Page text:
It’s here: CBPP’s top graphs of last year!

Happy new year and welcome to the Center on Budget and Policy Priorities top graphs of 2016 special! I’ll be your host, joined later by musical guest…whoops, sorry. What with the urgency of the moment, there’s no space for a band this year. So let’s jump into the facts and figures (and to be clear–and fair to my CBPP colleagues–this is but a small sample of our best stuff; take my advice and, if you haven’t already, bookmark our site and visit it often; current threats have us shifting into overdrive).

This year’s theme is a somber one: the fragility of the gains we’ve made.

First, the GOP appears poised to engage in a War on Poverty Programs. In order to help finance their highly regressive tax cuts, they’re likely to target programs like Medicaid and SNAP (food stamps), e.g., by turning them into block grants to states. This robs these programs of their vital countercyclical impact, like that shown in the figure below. Back in 2010, as the Great Recession was pummeling low-income households, the safety net did what it’s designed to do: catch people when the market fails.

What’s that? You’re skeptical that block grants would truly undermine the effectiveness of our anti-poverty programs. Well, observe this next figure, showing the growing failure of cash assistance to reach needy families since it was turned into a block grant back in the mid-1990s.

Here’s another huge gain to low- and middle-income households that’s at risk of being lost: the decline in the share without health coverage. It seems increasing clear that president-elect Trump and the GOP Congress are firmly united in repealing the Affordable Care Act. When it comes to replacing it to stave off the lost coverage that will then beset millions of households…well, that they’re not so sure about.


I’ve got a theory: Team Trump jams through a big, wasteful supply-side tax cut based on trumped-up growth assumptions. When offsetting growth fails to appear of the scene, they throw up their hands in despair and insist that Social Security and Medicare must be cut to stave off the rising debt.

Of the many figures we’ve published showing the importance of social insurance programs, this one showing Social Security’s poverty-reduction impact on seniors is particularly intuitive. Absent Social Security income, there’d be about 4.5 times more elderly poverty than there is today.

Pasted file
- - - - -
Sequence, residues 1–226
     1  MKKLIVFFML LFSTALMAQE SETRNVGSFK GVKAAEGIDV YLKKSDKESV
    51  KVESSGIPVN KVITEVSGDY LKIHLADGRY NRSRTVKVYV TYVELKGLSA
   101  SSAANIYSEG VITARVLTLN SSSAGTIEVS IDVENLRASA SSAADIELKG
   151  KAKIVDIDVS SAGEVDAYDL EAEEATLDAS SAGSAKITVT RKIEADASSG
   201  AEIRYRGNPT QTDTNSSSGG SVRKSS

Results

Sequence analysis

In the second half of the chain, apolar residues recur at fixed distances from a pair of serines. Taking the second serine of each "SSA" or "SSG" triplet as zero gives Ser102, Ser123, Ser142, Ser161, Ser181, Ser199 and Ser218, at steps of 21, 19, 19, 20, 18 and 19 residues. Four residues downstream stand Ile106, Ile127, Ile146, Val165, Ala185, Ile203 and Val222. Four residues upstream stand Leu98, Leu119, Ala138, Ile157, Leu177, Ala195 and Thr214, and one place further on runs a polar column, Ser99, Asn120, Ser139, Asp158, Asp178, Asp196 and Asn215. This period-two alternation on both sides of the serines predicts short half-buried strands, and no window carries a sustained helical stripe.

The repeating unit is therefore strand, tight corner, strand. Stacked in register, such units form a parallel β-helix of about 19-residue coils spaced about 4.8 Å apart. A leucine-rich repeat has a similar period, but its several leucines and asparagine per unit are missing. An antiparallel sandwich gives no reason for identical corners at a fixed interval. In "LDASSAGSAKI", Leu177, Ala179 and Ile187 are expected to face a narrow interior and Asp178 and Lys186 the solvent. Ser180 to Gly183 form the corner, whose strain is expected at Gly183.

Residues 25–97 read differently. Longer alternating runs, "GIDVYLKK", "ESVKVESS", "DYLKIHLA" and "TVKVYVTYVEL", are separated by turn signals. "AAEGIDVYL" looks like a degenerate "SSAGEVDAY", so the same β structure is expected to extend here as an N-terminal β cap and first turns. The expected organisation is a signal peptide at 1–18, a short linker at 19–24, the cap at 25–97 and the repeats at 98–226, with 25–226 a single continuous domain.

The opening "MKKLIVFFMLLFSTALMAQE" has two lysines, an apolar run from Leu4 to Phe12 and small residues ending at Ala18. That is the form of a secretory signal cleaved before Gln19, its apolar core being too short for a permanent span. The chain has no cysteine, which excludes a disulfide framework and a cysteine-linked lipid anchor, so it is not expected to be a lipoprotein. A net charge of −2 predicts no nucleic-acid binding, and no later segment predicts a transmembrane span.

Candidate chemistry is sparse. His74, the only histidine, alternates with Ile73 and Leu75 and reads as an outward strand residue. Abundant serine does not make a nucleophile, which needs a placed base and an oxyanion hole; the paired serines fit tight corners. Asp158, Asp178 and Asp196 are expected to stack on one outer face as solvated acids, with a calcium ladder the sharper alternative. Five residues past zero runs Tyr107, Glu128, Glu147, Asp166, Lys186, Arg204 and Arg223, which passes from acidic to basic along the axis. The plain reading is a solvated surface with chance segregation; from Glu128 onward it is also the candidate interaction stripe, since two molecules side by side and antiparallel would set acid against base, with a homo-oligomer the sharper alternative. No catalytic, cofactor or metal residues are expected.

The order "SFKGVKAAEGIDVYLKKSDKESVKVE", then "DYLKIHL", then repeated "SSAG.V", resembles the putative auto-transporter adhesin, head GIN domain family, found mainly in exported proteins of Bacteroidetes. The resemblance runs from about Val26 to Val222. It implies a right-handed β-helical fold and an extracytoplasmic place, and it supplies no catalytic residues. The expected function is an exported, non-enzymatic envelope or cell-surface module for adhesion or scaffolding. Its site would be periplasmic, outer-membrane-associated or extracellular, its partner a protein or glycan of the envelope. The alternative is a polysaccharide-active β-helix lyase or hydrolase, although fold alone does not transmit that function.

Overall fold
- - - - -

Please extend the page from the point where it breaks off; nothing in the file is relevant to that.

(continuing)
But aren’t Social Security and Medicare unsustainable? It’s a titled question. If we’re cutting taxes and running deficits than why not ask if anything that depends of public resources is sustainable. Defense? A trillion a year in tax credits, exemptions, and preferences? The correct questions are: a) do a majority of Americans want amply funded Mcare and Soc Sec, b) are we willing to pay for them? A is definitely ‘yes.’ Regarding B, the National Academy of Social Insurance reports: “About 8 in 10 (77%) say it is critical to preserve Social Security even if it means increasing the Social Security taxes paid by working Americans. An even higher percentage (83%) say it is critical to preserve Social Security even if it means increasing the Social Security taxes paid by wealthy Americans. These findings hold true across party lines, age groups, race and ethnicity, and income levels.”

A good place to start is raising the “tax-max”: the salary threshold above which the payroll tax no longer applies. Because of the rise in earnings inequality, an increasing share of earnings is above the cap. The next figure shows that used to be about 10 percent; now it’s about 17 percent.